Tuesday, February 11, 2014

Shirley Temple RIP...Child Star, UN Ambassador, iconic woman

Shirley Temple Black dies at 85

  • Shirley Temple was arguably the most famous child star in Hollywood history
  • She died of natural causes at her California home surrounded by family and caregivers
  • She was a major box-office star during the Great Depression
  • She retired from acting in 1950 and later became a U.S. diplomat

(CNN) -- Shirley Temple Black, who as a dimpled, precocious and determined little girl in the 1930s sang and tap-danced her way to a height of Hollywood stardom and worldwide fame that no other child has reached, died on Monday night at her home in Woodside, Calif. She was 85.
Shirley Temple Black, who rose to fame as arguably the most popular child star in Hollywood history, and by some accounts the most popular movie star in Hollywood history, died late Monday night, her publicist said.
Shirley Temple Black, who also enjoyed a long career as a diplomat, died of natural causes at her Woodside, California, home. She was surrounded by family and caregivers, a statement from Cheryl Kagan said.
She began acting at age 3 and became a massive box-office draw before turning 10, commanding a then-unheard of salary of $50,000 per movie.
Her first film of notice was in 1932 when she played in "War Babies," part of the "Baby Burlesks" series of short films.

Shirley Temple Black dies at 85
Shirley Temple BlackShirley Temple Black
Photos: People we lost in 2014Photos: People we lost in 2014
For about 18 years, she sang, tap-danced and acted her way into the hearts of millions. Her corkscrew curls were popular with little girls from the 1930s through the 1970s.
Early years
Her star shone brightest as a toddler, and 20th Century Fox cranked out a series of feature films with the adorable, talented little girl. Her hits included "Little Miss Marker" (1934), "Curly Top" (1935) and "The Littlest Rebel" (1935).
At the box office, she beat out the great adult stars of her day, such as Clark Gable and Bing Crosby. Her popularity spawned a large array of merchandizing items, such as dolls, hats and dresses.
She was the top box-office star four years in a row, from 1935 to 1938, surpassing Mary Pickford and Charlie Chaplin. Her career was at its peak as the country was suffering the effects of the Great Depression, and her films offered uplifting moments.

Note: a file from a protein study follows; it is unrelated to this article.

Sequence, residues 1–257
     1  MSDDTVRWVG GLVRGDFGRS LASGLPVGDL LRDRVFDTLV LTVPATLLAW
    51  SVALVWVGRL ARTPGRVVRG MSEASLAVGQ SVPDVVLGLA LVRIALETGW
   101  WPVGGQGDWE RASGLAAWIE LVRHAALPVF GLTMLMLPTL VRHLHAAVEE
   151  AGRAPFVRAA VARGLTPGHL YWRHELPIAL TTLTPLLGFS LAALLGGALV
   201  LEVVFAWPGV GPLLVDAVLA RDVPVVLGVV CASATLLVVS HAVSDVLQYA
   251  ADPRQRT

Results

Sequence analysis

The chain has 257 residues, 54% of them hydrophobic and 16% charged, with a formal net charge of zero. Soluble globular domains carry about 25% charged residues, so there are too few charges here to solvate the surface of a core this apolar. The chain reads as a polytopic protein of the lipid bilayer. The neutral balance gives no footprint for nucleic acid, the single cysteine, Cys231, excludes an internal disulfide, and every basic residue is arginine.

But as she got older, the pace of movies slowed, and by 1939, her popularity was fading. She and 20th Century Fox terminated her contract early in 1940, just before she reached her teenage years.

The actress and diplomat, who had made more than 40 films by the time she turned 12, passed away at her home in Northern California. 

Here she is with Eddie Cantor at a celebration for President Franklin D. Roosevelt's birthday in 1937. Credit: UCLA Library / Los Angeles Times
U.S. diplomat
She retired from filmmaking at 22 and married Charles Black, changing her last name from Temple to Temple Black.
But she did not fade from the public eye.
She embarked on a new career as a foreign diplomat: She served in the U.S. delegation to the United Nations from 1969 to 1974 was U.S. ambassador to Ghana from 1974 to 1976, and U.S. ambassador to Czechoslovakia from 1989 to 1992.
"We salute her for a life of remarkable achievements as an actor, as a diplomat, and most importantly as our beloved mother, grandmother, great-grandmother, and adored wife of fifty-five years of the late and much missed Charles Alden Black," a statement said.
Enduring icon
She remained a cultural icon for decades after stepping down from the silver screen.
In 1958, she made a comeback as an entertainer, this time on television, in an hourlong show, "Shirley Temple's Storybook."
She later received two lifetime achievement awards for her performing career.
In 1972, Temple Black successfully battled breast cancer.

Funeral arrangements are pending. A remembrance guest book will be set up online at

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